Author Scott Behson shares an excerpt from his new book “The Working Dad’s Survival Guide,” in which he discusses how fathers should wish to be remembered by their children.
The following is an excerpt from Scott Behson’s new book, The Working Dad’s Survival Guide: How to Succeed at Work and at Home, which provides encouragement and advice for dads trying to succeed in their careers while also being the loving, involved dads they always wanted to be—that their families need them to be. Behson is a long-time GMP contributor and his book goes on sale today:
Here’s one dad, in his own words:
When I was in law school, the competition for grades was fierce. The best exam scores after first year get you in Law Review and the inside track for the best clerkships. Leading up to exams, I was part of a study group. We met a few times a week, but I always skipped Fridays to take my son to the Natural History Museum. The group thought I was crazy.
The week before exams, I begged off a study session. I told them that instead, I’d be watching the tigers with my boy at the Bronx Zoo. Things were getting really intense and busy, and I hadn’t seen my son as much as I wanted. The group stared at me as if I had two heads – they couldn’t believe it.
I suppose I could have scored a point or two better had I studied that day, but I have zero regrets. I did well enough on the exams, and, years later, have a great career. In the long run, studying a little less didn’t really matter. The day at the Bronx Zoo with my son did. It’s a day that is forever etched in my memory, and one my son and I still talk about.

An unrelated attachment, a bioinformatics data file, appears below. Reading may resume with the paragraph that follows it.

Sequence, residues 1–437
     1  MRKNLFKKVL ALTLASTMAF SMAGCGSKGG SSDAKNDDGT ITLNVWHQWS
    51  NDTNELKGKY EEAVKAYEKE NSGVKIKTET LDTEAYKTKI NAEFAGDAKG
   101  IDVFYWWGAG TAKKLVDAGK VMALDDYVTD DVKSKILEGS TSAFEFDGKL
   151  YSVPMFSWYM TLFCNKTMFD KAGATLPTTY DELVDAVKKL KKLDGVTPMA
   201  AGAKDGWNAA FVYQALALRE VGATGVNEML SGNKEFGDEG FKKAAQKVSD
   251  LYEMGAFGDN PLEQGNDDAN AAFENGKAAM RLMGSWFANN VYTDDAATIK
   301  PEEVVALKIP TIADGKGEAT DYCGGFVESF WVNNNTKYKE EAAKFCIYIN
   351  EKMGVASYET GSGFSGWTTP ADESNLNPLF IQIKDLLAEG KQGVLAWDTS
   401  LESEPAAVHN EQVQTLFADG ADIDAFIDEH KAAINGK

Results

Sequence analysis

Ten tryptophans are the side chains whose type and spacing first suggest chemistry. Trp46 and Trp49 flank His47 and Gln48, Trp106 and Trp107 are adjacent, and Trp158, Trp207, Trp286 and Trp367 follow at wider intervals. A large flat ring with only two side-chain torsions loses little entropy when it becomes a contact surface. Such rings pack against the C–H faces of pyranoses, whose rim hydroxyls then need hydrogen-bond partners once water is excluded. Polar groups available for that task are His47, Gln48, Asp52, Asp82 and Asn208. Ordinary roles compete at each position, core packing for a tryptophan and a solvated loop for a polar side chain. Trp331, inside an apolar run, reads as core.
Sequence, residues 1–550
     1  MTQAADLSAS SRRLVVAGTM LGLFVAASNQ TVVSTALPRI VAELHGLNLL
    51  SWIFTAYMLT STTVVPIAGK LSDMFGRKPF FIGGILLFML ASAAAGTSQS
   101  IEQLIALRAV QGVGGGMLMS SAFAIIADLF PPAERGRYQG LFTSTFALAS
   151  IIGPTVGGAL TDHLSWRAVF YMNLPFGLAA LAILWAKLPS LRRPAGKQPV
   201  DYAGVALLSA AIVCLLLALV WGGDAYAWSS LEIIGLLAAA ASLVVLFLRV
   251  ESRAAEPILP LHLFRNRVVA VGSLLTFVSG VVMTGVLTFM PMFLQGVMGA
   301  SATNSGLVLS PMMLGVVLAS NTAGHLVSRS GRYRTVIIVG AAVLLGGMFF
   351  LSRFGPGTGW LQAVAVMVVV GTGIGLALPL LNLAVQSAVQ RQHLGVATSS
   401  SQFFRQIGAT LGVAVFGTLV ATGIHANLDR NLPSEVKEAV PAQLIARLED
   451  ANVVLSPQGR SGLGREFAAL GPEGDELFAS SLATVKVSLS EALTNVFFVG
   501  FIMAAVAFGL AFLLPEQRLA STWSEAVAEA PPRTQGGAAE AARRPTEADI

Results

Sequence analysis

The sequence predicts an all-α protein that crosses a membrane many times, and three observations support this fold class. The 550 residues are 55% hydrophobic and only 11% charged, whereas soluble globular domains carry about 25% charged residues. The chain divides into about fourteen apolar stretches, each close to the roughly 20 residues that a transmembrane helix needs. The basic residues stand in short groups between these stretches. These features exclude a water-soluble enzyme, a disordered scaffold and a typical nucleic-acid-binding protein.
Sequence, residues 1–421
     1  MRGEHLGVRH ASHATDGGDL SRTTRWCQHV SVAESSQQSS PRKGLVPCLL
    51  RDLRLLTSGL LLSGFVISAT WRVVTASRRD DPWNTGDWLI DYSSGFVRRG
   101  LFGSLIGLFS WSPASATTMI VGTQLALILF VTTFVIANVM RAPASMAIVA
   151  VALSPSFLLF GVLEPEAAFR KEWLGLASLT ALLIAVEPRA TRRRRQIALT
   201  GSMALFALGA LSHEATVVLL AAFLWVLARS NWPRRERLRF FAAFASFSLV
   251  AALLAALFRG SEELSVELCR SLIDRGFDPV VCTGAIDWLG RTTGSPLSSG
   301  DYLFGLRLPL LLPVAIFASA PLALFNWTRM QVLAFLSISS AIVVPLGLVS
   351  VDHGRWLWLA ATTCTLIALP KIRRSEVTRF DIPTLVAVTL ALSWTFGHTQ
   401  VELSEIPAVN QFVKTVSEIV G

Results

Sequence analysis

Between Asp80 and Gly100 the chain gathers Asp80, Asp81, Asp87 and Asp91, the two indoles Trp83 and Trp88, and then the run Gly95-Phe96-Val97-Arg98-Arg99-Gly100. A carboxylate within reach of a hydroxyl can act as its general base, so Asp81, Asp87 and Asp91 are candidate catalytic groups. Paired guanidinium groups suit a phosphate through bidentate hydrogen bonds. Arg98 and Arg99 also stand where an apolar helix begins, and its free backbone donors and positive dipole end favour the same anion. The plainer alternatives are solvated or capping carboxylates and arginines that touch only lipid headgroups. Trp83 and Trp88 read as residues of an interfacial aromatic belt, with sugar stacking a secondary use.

In my line of work, I ask a lot of dads how they want their kids to look back on their childhoods with them. How do they want to be remembered? Almost universally, their answers gravitate to a single theme:
I want them to remember that I was a constant, involved loving presence in their lives.
It’s a seemingly straightforward answer, but there’s actually a lot going on in that sentence. First, it means that we need to be present, that is, spend enough time with our kids so that they know we are a constant, foundational part of their lives. This is sometimes really hard, given our careers, the pressure to provide, and other extenuating circumstances.
That’s why the dad in the quote above leaves me in awe. He’s facing an unbelievably difficult and important work-related challenge. Most lawyers consider their first-year exams second only to the bar exam in terms of the long-term consequences on their lifetime earnings and career trajectories. His study partners sure saw things that way. But this dad made sure that he remained a constant presence in his son’s life, even through the crucible of law school exam preparation.
The second part of our common aspiration is not just to be present, but also to be remembered as an involved, loving presence in our kids’ lives. Law school dad could have been physically present at home with his nose in a book or distracted by studying, with his son sitting at the other end of the room. That is, in one sense, being present. But it wouldn’t be presence. Instead, he carved out time chunks for memorable days at the Bronx Zoo and Natural History Museum. That’ll get you remembered.
Taken together, this means, beyond providing for our families through work, or task is to be present and to be present. We need to ensure we spend enough time with our families, and then make great use of that time. …
The Working Dad’s Survival Guide: How to Succeed at Work and at Home is available at Amazon or wherever books are sold.